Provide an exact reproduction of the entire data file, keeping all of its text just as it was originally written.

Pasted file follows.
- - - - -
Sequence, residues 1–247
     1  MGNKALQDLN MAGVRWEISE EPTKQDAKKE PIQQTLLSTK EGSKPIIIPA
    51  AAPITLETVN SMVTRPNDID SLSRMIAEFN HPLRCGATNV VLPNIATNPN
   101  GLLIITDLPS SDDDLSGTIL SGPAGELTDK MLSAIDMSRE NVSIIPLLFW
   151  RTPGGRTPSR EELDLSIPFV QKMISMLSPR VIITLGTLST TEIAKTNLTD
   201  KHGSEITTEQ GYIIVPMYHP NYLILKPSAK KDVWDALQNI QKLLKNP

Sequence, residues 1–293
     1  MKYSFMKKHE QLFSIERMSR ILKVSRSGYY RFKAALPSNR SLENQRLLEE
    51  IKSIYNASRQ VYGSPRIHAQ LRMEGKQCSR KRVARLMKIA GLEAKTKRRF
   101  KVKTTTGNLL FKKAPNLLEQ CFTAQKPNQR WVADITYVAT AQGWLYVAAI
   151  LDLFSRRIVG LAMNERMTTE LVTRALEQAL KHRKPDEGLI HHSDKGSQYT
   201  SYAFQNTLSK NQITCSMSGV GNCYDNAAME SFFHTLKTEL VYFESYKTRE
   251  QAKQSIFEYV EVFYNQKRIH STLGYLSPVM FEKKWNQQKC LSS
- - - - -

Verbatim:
Sequence, residues 1–247
     1  MGNKALQDLN MAGVRWEISE EPTKQDAKKE PIQQTLLSTK EGSKPIIIPA
    51  AAPITLETVN SMVTRPNDID SLSRMIAEFN HPLRCGATNV VLPNIATNPN
   101  GLLIITDLPS SDDDLSGTIL SGPAGELTDK MLSAIDMSRE NVSIIPLLFW
   151  RTPGGRTPSR EELDLSIPFV QKMISMLSPR VIITLGTLST TEIAKTNLTD
   201  KHGSEITTEQ GYIIVPMYHP NYLILKPSAK KDVWDALQNI QKLLKNP

Sequence, residues 1–293
     1  MKYSFMKKHE QLFSIERMSR ILKVSRSGYY RFKAALPSNR SLENQRLLEE
    51  IKSIYNASRQ VYGSPRIHAQ LRMEGKQCSR KRVARLMKIA GLEAKTKRRF
   101  KVKTTTGNLL FKKAPNLLEQ CFTAQKPNQR WVADITYVAT AQGWLYVAAI
   151  LDLFSRRIVG LAMNERMTTE LVTRALEQAL KHRKPDEGLI HHSDKGSQYT
   201  SYAFQNTLSK NQITCSMSGV GNCYDNAAME SFFHTLKTEL VYFESYKTRE
   251  QAKQSIFEYV EVFYNQKRIH STLGYLSPVM FEKKWNQQKC LSS